220,000 each of hip and wrist fractures in persons over the age of 6573 (see Chapter 6). Although precise estimates are not available, there are several times as many fractures of other bones in persons aged 65 and older as there are hip and wrist fractures.29,33,81 The proportions of some frequently occurring fractures (e.g., those of the rib, hand, foot, and ankle) that result from falls versus other types of trauma are also uncertain. The epidemiology of fracture is reviewed in greater detail in Chapter 6.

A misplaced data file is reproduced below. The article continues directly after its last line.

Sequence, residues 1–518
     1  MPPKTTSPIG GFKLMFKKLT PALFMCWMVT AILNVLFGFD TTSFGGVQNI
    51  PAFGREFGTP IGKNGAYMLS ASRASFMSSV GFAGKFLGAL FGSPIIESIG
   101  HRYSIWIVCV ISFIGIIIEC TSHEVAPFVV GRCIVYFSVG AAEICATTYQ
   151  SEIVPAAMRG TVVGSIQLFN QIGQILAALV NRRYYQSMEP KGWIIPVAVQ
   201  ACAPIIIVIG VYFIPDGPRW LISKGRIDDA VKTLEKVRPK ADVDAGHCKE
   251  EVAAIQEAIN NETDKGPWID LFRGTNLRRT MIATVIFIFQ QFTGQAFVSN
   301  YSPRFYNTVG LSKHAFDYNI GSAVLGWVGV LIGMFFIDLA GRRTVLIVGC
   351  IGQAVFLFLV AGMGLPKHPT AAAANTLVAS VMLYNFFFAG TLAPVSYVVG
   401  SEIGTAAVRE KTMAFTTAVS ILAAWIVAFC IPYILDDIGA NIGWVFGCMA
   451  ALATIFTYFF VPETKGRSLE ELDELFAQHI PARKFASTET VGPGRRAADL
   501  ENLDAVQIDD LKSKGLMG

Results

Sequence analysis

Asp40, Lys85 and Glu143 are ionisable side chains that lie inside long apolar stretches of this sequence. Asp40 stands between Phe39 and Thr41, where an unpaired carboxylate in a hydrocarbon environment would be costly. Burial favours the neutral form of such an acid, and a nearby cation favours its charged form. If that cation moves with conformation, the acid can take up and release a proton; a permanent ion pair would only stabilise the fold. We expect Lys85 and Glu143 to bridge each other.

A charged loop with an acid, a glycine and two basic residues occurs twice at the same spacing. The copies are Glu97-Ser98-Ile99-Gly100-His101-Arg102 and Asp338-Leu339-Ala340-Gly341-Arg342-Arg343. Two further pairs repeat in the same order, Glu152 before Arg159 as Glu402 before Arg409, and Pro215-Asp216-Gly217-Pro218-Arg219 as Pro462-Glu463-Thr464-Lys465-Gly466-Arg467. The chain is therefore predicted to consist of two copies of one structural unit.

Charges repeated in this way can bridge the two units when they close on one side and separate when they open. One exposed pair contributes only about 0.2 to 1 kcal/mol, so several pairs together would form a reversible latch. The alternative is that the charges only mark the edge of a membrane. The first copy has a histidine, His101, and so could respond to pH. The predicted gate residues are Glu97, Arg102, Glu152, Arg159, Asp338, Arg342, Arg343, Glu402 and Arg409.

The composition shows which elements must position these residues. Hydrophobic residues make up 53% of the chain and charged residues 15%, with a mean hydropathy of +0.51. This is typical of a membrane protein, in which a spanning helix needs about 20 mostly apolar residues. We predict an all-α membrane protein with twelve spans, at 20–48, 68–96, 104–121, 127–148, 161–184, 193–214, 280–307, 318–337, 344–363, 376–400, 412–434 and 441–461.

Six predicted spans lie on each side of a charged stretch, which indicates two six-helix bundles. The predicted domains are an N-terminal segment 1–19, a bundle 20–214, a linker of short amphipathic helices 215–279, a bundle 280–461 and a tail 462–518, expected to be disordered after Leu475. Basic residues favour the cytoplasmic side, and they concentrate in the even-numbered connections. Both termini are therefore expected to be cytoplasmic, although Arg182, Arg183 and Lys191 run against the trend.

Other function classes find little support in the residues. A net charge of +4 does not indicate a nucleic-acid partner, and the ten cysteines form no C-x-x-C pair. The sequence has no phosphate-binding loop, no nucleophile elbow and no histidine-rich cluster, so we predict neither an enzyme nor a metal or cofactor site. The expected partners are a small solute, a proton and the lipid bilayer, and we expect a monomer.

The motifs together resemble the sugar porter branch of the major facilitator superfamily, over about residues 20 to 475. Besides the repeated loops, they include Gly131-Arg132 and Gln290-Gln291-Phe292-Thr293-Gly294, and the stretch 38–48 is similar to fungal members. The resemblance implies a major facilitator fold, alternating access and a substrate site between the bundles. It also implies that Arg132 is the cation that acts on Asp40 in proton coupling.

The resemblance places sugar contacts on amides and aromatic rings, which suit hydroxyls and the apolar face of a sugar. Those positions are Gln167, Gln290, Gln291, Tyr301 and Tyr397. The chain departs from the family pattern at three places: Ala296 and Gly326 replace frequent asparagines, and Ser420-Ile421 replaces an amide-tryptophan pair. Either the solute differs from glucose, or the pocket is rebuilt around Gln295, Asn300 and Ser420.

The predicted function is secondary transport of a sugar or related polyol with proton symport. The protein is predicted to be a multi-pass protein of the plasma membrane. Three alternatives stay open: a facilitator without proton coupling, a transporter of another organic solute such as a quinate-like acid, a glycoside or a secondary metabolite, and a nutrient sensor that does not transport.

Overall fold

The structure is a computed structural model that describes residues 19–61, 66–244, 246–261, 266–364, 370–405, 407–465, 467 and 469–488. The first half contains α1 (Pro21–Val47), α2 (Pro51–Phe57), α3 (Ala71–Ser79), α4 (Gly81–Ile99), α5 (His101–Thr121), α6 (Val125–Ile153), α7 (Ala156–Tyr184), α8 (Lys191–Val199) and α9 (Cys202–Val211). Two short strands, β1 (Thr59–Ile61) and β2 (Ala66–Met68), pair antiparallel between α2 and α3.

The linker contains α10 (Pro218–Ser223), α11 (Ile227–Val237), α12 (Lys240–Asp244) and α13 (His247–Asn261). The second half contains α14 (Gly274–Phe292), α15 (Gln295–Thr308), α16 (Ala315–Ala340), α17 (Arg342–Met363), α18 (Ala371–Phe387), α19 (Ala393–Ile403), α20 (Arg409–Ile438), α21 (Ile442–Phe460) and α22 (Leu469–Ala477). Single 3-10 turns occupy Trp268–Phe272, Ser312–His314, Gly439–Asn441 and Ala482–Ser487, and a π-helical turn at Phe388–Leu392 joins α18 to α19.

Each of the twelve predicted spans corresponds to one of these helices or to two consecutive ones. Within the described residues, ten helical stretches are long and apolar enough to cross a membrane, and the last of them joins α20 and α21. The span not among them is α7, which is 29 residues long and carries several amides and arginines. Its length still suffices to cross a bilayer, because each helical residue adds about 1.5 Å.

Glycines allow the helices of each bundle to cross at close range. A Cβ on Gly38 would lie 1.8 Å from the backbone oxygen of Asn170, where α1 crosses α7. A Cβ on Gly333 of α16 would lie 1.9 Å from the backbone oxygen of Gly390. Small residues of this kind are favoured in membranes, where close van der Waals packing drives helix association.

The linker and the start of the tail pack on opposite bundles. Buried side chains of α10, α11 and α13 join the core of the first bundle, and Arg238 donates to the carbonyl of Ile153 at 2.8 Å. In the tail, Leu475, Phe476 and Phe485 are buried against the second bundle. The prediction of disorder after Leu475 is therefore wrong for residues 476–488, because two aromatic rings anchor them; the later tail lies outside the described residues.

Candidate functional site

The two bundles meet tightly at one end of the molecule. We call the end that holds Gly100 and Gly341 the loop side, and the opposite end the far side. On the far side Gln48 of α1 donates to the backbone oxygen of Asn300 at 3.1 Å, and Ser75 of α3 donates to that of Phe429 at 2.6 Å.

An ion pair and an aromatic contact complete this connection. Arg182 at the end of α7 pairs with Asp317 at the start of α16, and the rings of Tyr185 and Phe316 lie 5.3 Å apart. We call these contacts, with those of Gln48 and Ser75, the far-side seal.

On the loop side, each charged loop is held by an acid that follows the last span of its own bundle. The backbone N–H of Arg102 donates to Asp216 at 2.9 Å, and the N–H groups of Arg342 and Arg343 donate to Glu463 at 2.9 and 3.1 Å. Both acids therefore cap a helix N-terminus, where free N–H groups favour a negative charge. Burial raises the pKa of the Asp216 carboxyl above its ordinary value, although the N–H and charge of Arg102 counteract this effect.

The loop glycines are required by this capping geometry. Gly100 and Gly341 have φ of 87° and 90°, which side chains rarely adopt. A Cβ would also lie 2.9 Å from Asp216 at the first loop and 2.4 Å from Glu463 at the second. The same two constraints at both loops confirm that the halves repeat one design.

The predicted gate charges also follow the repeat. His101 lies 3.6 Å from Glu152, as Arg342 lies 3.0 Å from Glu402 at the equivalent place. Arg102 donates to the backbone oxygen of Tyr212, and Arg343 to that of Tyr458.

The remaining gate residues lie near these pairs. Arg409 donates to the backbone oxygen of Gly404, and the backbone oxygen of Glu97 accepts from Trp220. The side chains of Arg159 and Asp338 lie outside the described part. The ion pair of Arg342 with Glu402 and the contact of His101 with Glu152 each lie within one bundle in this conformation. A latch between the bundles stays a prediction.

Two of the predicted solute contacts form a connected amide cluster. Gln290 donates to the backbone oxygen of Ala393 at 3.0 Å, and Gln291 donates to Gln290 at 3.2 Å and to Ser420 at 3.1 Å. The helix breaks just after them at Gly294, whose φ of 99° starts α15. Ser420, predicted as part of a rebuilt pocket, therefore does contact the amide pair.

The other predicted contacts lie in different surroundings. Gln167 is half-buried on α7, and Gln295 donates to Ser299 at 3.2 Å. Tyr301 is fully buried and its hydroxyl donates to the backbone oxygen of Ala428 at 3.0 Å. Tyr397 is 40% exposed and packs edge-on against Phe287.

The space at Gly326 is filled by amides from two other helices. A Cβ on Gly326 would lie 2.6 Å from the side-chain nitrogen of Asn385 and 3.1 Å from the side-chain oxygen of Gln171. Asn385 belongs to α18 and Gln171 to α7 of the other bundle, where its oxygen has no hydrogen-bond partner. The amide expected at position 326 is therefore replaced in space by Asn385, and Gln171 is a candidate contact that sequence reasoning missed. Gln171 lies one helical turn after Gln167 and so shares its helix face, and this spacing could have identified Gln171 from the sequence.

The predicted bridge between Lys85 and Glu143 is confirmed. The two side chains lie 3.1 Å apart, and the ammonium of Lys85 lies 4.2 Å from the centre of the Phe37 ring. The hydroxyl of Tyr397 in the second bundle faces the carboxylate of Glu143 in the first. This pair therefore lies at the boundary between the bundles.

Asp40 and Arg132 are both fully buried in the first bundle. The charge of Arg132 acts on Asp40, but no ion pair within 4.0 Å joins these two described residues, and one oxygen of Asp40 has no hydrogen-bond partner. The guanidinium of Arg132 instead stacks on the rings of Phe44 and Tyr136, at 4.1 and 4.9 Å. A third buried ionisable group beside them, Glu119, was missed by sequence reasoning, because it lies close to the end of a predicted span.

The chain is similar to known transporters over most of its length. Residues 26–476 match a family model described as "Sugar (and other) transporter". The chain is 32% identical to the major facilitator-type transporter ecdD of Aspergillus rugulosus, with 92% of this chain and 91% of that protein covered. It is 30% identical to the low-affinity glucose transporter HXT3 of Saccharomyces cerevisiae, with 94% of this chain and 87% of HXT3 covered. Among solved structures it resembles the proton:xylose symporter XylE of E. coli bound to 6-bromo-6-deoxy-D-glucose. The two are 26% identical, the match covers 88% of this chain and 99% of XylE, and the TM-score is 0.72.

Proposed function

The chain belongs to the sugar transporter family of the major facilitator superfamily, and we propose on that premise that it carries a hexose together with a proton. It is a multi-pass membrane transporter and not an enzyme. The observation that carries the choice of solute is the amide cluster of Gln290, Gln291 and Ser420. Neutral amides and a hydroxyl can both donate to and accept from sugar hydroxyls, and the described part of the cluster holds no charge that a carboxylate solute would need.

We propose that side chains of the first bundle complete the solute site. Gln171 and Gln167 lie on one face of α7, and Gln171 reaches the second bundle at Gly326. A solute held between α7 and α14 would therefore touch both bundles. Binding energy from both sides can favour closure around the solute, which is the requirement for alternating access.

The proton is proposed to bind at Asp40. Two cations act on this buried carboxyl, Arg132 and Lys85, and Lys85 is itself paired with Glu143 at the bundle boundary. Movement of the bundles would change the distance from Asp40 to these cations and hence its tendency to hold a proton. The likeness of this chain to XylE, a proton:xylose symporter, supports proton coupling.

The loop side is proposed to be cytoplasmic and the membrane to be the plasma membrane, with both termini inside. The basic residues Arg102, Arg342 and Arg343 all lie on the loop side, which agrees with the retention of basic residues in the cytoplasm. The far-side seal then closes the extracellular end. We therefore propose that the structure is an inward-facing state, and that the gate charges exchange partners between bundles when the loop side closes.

Other serious injuries resulting from falls include hematoma, joint dislocation, severe laceration, sprain, and other disabling soft tissue injury. There are few data on fall-related injuries other than fracture in the U.S. population. In a regional study in northeastern Ohio, the rate of emergency room treatment of fall-related injuries in persons aged 75 and older approached 80 per 1,000 per year in women and 60 per 1,000 per year in men.29 Another recent study in Dade County, Florida, found an exponential increase with age in the rate of fall injuries that received hospital and emergency room treatment among persons aged 65 and older. These rates were higher in women than men at all ages.95 Among those over age 75, fall injury rates in women exceeded 100 per 1,000 per year; in men they exceeded 80 per